FBI director: We bought 'a tool' to hack terrorist's iPhone

Apple's Tim Cook: 'We will not shrink' from FBI fight
Apple's Tim Cook: 'We will not shrink' from FBI fight

FBI Director James Comey said Wednesday that the government had purchased "a tool" from a private party in order to unlock the iPhone used by one of the San Bernardino shooters.

"Litigation between the government and Apple over the San Bernardino phone has ended, because the government has purchased, from a private party, a way to get into that phone, 5C, running iOS 9," Comey said.

Law enforcement officials revealed in late March that they had finally cracked the iPhone used by Syed Farook, one of two shooters in the December 2015 attack that left 14 people dead. But they did not go into details, other than to say an unnamed third party had provided assistance.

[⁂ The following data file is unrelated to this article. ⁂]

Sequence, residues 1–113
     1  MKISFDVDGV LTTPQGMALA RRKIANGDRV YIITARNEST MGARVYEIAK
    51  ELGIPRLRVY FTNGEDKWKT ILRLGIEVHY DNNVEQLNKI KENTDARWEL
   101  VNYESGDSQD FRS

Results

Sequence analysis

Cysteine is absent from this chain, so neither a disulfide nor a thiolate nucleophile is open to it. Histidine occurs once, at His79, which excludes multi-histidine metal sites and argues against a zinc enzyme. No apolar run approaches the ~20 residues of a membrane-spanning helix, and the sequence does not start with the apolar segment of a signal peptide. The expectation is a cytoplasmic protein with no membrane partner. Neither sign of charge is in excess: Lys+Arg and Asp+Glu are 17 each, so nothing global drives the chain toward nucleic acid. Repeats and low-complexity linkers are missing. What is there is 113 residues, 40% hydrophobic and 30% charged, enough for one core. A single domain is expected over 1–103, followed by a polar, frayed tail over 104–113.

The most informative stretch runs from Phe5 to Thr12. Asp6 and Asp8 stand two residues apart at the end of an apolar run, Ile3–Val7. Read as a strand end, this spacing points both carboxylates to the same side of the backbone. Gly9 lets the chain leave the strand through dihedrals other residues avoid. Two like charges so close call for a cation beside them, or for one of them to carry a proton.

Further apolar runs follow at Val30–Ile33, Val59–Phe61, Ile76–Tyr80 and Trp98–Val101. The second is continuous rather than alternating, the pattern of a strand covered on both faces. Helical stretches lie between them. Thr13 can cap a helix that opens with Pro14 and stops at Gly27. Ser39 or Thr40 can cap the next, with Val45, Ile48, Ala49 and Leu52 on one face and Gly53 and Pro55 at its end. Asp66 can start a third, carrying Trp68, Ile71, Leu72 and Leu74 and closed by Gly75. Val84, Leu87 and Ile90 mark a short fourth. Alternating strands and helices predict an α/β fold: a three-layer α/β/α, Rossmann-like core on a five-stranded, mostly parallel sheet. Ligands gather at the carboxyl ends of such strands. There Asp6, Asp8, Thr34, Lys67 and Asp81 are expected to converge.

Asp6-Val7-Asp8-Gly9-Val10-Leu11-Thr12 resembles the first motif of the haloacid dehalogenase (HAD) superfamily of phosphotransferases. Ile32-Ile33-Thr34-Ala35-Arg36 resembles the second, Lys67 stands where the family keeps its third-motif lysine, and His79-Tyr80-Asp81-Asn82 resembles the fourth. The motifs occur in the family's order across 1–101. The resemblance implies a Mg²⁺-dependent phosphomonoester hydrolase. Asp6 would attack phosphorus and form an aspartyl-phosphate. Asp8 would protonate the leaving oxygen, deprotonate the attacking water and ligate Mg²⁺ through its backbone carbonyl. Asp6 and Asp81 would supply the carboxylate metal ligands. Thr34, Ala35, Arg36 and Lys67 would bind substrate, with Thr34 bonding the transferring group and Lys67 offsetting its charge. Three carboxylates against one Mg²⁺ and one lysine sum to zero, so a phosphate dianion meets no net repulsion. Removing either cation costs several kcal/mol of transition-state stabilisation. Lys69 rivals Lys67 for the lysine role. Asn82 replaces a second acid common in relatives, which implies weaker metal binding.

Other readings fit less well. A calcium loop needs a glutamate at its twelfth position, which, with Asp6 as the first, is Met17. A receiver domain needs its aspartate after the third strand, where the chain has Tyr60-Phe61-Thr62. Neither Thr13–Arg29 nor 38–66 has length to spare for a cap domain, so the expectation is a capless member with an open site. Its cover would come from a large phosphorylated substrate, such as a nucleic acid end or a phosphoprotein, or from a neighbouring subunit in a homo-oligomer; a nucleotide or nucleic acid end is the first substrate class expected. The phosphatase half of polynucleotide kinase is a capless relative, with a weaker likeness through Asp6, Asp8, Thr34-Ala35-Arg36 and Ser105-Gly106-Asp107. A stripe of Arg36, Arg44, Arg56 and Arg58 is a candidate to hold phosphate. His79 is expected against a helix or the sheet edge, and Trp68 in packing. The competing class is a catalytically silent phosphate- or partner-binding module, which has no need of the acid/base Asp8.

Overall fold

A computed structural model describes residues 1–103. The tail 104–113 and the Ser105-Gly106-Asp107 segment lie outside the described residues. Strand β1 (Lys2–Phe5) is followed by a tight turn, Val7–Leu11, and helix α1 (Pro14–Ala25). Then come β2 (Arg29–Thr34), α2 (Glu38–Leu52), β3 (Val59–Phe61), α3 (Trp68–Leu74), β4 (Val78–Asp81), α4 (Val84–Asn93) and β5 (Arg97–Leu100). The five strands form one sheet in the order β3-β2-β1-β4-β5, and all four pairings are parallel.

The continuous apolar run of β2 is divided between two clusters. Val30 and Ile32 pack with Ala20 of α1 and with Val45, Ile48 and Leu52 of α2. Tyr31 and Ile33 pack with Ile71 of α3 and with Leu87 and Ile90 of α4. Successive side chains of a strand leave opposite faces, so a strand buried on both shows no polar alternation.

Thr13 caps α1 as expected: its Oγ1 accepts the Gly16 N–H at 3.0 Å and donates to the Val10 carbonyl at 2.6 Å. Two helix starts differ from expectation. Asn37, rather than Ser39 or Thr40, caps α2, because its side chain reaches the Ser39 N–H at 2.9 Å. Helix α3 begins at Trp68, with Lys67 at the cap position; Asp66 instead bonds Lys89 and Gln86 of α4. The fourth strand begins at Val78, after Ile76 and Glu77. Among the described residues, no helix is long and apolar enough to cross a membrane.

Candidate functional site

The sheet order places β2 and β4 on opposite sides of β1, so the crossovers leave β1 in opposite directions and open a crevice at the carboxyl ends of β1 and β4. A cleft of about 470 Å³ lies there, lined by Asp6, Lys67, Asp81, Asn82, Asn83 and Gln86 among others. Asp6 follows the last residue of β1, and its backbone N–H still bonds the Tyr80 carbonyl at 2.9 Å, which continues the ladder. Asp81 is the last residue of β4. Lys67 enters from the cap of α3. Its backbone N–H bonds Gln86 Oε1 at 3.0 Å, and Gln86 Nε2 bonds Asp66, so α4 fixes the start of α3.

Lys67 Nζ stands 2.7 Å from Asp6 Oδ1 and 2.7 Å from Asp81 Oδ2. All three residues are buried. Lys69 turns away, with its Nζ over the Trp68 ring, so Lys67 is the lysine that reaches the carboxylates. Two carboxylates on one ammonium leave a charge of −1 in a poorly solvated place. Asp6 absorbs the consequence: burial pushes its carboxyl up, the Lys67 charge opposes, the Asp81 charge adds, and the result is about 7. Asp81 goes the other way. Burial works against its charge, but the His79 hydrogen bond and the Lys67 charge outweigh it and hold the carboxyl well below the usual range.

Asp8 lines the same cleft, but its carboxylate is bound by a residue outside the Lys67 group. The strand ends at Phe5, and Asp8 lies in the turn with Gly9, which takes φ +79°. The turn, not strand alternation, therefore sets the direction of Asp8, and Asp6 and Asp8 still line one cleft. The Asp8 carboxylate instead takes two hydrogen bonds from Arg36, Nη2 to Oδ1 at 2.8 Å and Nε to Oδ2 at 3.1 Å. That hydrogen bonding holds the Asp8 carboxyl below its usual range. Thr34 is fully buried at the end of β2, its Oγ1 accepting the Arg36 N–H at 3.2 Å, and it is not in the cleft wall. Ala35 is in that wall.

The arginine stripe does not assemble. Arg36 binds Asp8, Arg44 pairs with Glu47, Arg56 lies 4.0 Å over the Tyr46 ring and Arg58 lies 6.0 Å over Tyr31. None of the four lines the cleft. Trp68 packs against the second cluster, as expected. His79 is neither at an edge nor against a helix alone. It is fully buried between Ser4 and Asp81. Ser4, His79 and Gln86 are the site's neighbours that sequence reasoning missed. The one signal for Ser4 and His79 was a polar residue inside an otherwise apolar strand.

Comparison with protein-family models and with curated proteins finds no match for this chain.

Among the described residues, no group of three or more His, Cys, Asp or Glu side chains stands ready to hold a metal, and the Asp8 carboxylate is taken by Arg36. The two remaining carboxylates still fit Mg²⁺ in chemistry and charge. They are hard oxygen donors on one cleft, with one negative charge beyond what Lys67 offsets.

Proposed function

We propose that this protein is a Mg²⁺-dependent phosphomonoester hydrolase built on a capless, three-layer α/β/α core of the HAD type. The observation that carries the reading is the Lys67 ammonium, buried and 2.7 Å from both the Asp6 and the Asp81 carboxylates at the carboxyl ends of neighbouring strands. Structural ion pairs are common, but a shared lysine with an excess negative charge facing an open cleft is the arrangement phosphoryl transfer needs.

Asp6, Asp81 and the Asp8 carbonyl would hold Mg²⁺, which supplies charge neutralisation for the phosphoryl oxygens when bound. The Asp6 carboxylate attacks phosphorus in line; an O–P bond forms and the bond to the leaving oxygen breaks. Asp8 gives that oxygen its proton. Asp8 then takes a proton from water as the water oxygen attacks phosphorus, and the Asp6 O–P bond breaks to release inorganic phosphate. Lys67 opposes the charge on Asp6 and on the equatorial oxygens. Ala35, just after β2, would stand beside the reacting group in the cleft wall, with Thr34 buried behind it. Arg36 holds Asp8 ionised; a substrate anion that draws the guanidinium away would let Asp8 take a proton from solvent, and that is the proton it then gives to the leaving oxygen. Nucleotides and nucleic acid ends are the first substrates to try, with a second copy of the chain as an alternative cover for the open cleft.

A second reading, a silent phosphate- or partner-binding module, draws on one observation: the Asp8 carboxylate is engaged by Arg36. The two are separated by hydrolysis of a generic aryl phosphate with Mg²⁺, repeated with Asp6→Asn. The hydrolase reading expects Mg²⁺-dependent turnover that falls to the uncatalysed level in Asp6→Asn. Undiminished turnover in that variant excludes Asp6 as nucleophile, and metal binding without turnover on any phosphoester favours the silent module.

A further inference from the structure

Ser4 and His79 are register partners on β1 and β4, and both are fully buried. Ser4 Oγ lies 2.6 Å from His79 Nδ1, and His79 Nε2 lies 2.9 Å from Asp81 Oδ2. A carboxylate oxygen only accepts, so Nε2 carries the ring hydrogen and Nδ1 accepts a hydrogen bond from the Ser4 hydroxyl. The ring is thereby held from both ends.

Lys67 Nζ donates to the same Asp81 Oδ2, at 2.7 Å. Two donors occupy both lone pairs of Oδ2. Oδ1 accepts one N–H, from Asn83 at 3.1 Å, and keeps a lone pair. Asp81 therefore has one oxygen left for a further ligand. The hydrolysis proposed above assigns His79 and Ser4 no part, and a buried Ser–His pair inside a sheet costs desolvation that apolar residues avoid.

In an effort to access information stored on his phone, the government had pursued legal action in order to force Apple to help bypass the phone's security features.

Related: FBI says it has cracked terrorist's iPhone without Apple's help

Apple (AAPL) declined to assist, saying that to do so would compromise the security of all iPhone users. The company argued that law enforcement officials didn't understand the consequences of creating a backdoor into the phone.

After the case was dropped, speculation swirled as reporters and analysts tried to identify the third party that helped the government unlock the phone.

Comey revealed additional information about the source of the tool Wednesday.

"The people we bought this from, I know a fair amount about them, and I have a high degree of confidence that they are very good at protecting it, and their motivations align with ours," he said.

Related: Will FBI have to tell Apple how it hacked terrorist's iPhone

The FBI director also said the purchased tool worked only on a "narrow slice of phones" that does not include the newest Apple models, or the 5S.

Comey said the government was currently considering whether to tell Apple how it pulled off the hack.

"We tell Apple, then they're going to fix it, then we're back where we started from," he said. "We may end up there, we just haven't decided yet."

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